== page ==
Nonsense is a philosophical concept of strange ubiquity—it is very often used but not often explained. In this paper I turn to the lyrical content of popular songs and the particular brands of nonsense it allows for. The problem I identify is that even at their most nonsensical the lyrics of popular songs lend themselves to certain steady attributions of sense. In other words, while pop songs have the tendency to collapse into lyrical nonsense they also avail themselves of corrective mechanisms that somehow salvage their lyrical and/or musical meaning. Why lyrical nonsense is so frequent in pop songs and how it gets dissolved are questions that merit philosophical attention. My attempt to suggest answers to these questions is twofold. Firstly, I propose a simple taxonomy of lyrical nonsense in songs and try to relate that to the existing scholarship on musical expression and performance. Secondly, I explore the relationship sung nonsense stands in to musical meaning. What ultimately makes nonsense work in songs is not our “common sense” tendency to avoid taking such lyrical content seriously. I argue that our acceptance of sung nonsense is more likely due to the fact that such nonsense suggests its own, heretofore unstudied, conditions of understanding.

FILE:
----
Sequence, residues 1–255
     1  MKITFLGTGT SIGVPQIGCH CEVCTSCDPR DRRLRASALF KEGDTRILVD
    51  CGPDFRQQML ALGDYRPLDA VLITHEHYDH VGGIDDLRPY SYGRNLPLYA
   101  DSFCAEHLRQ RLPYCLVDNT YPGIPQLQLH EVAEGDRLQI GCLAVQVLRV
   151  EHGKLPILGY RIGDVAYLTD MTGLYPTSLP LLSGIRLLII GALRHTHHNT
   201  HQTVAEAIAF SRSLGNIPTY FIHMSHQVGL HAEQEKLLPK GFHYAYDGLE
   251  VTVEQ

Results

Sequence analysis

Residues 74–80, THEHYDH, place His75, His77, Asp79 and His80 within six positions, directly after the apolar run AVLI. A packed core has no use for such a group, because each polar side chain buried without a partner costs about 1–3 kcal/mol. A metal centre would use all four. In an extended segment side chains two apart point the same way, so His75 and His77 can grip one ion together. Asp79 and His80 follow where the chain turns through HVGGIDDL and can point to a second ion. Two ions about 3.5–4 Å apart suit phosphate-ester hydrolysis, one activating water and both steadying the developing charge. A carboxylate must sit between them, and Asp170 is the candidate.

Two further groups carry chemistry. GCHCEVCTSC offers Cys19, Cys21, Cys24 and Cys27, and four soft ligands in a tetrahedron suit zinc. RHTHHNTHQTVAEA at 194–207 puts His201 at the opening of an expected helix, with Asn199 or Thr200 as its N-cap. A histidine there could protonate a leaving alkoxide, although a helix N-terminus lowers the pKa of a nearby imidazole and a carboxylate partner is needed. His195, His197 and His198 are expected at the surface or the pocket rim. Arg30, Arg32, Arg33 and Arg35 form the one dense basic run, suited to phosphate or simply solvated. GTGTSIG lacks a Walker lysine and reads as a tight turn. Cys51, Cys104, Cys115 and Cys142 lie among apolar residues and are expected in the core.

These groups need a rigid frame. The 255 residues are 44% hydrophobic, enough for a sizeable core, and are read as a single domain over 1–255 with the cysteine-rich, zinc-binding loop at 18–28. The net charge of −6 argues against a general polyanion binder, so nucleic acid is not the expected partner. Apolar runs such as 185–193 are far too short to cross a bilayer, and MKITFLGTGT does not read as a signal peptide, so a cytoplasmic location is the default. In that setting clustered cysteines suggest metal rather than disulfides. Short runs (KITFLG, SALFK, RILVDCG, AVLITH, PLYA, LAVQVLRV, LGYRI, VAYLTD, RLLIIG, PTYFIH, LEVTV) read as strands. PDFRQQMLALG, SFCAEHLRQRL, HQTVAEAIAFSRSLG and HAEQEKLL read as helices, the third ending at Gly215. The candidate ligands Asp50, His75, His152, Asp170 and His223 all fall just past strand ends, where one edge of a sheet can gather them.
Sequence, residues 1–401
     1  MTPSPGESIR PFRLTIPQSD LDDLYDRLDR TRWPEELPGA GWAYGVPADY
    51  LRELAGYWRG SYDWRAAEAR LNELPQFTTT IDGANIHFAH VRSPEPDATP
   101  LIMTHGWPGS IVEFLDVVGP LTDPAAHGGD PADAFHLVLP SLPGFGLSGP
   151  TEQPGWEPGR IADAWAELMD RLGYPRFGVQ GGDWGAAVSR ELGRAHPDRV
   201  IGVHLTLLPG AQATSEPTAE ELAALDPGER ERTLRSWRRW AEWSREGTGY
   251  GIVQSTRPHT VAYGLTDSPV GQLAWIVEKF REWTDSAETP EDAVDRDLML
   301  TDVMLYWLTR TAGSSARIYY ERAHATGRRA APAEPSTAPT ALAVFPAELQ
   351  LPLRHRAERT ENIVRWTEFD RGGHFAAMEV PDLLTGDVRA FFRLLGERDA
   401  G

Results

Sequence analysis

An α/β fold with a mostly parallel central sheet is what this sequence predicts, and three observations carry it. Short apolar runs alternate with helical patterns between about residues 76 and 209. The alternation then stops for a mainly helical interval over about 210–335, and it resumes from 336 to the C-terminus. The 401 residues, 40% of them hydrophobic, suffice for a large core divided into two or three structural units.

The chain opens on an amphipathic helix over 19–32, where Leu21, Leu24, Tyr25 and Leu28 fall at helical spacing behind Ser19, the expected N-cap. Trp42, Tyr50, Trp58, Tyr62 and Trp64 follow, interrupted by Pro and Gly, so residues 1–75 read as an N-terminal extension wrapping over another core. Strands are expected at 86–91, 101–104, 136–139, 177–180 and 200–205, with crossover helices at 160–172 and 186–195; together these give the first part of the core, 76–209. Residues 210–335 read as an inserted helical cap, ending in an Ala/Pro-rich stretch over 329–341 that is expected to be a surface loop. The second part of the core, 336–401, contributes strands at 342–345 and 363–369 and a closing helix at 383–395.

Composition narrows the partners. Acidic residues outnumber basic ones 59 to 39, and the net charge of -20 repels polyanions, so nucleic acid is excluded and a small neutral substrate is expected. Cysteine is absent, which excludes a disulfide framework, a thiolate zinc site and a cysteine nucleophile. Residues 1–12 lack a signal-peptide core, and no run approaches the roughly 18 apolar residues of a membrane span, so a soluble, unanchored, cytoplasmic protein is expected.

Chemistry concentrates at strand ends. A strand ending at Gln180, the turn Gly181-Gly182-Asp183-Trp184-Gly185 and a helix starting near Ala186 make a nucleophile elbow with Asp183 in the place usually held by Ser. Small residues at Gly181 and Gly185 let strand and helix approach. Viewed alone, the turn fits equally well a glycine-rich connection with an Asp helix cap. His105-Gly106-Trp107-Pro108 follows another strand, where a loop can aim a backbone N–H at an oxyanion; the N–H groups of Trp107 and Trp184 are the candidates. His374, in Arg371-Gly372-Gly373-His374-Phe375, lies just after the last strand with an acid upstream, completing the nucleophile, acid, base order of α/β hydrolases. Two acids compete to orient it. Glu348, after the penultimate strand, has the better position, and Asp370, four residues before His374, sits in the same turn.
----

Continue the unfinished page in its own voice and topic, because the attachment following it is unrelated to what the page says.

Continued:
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pp. 507-522
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